This syllabus is a living document and changes occasionally, depending on what’s going on in the course. If you print it out, you’ll need to keep your paper version up to date with the online version. I will always announce important changes in class.
There are three required books for the course; see the Bookstore list for details.
Besides the books, all readings that aren’t already online (and some that are) will be available through the class Zotero library. This will be discussed in class, but for reference, please see the instructions for connecting. The URL for the group library is https://www.zotero.org/groups/1647225/food-tech-society-unm/library.
Today we’ll review the syllabus, course aims, assignments, Zotero, and general plan for the semester.
Some discussion questions for class: What do you think of Warner’s definition of processed food? What are the aspirations of food scientists? How are economies of scale intimately tied to our understanding of natural food? What are key transportation developments that influenced what and how we eat? What’s the difference between food grown in the ground and food produced in the lab? Does all food boil down to chemistry?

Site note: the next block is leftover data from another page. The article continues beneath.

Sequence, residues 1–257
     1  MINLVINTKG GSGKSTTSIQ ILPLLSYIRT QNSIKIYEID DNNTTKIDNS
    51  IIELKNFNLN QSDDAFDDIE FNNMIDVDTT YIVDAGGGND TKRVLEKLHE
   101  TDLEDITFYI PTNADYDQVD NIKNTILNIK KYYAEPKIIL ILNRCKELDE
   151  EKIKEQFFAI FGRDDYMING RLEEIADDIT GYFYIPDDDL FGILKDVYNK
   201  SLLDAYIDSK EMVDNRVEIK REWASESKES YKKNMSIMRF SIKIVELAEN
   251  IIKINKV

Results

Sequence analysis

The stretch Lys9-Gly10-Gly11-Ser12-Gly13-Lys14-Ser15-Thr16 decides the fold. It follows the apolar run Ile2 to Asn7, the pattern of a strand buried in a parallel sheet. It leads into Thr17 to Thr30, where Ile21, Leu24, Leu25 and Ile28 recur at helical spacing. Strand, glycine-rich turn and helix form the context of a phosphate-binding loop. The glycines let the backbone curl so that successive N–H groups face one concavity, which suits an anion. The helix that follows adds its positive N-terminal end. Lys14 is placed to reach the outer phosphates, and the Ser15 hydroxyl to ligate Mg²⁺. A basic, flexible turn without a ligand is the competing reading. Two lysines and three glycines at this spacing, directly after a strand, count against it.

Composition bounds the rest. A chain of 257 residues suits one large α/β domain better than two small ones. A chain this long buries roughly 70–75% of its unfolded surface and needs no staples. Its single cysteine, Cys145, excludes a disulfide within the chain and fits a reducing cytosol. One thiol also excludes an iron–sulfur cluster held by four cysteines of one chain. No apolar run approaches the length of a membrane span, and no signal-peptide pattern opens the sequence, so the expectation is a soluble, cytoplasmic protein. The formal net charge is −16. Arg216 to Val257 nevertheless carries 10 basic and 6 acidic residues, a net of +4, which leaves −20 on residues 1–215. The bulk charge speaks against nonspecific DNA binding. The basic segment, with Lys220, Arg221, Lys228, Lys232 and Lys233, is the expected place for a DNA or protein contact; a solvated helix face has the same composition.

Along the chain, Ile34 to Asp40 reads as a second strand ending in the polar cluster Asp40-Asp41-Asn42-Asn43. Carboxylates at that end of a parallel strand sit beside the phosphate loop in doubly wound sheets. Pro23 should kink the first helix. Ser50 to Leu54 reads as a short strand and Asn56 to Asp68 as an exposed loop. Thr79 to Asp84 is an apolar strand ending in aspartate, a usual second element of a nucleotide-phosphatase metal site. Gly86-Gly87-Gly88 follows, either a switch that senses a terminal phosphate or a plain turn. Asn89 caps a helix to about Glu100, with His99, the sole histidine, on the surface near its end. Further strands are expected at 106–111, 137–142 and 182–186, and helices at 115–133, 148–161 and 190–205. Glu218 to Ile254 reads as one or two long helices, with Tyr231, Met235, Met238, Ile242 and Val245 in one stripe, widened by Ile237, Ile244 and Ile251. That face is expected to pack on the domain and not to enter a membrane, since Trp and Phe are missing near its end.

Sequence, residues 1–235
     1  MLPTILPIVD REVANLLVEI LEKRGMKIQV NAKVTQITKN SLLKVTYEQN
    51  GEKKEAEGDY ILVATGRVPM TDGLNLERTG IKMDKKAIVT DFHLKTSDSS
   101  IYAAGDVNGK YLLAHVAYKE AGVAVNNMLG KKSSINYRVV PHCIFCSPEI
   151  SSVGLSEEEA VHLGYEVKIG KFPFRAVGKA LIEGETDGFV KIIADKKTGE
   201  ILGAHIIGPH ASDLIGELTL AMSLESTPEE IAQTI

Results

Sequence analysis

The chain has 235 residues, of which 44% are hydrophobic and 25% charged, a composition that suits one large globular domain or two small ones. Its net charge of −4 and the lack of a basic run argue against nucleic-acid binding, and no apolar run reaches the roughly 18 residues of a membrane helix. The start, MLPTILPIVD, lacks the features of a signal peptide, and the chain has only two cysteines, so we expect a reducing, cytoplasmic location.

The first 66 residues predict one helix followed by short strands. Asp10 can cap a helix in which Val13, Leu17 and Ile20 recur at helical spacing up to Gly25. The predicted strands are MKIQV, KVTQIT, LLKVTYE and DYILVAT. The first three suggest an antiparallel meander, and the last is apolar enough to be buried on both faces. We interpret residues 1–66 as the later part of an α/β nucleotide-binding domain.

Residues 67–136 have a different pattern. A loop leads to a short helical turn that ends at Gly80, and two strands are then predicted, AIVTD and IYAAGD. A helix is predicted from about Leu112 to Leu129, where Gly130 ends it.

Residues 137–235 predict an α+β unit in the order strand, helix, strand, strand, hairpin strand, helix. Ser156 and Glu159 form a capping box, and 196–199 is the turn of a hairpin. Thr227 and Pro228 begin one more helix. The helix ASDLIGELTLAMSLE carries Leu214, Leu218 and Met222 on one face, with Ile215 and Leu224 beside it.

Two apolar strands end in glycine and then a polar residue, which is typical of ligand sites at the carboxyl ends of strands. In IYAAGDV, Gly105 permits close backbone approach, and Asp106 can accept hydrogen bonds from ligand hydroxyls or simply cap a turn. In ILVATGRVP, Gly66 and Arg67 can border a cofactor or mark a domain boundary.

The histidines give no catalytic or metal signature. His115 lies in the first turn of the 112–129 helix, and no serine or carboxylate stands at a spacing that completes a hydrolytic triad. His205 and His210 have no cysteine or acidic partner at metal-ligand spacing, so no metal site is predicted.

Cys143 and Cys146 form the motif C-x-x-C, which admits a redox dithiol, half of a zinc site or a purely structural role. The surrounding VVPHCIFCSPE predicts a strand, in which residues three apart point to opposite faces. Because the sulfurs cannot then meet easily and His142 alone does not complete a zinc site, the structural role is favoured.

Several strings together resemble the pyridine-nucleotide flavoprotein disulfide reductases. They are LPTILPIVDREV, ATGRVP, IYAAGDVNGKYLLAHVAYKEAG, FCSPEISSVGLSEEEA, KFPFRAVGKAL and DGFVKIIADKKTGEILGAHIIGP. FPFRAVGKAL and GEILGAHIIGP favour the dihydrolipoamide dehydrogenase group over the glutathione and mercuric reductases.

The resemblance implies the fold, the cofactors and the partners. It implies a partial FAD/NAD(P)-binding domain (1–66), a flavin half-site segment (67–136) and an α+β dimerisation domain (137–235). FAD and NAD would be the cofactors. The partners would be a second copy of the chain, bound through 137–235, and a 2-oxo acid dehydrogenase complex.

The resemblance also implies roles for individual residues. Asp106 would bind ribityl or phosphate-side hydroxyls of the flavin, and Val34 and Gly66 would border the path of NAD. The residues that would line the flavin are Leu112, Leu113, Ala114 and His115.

Some discussion questions for class: Why were Graham Crackers invented? Why were they bland? What’s a sanitarium? What were they for? To what extent were corn flakes invented by accident? T/F: Most of the food items in the health reform cuisine emerged as the result of a particular vision of what food should be. Do clean labels make products healthier? Is hummus a natural food? Can there ever be a satisfactory label?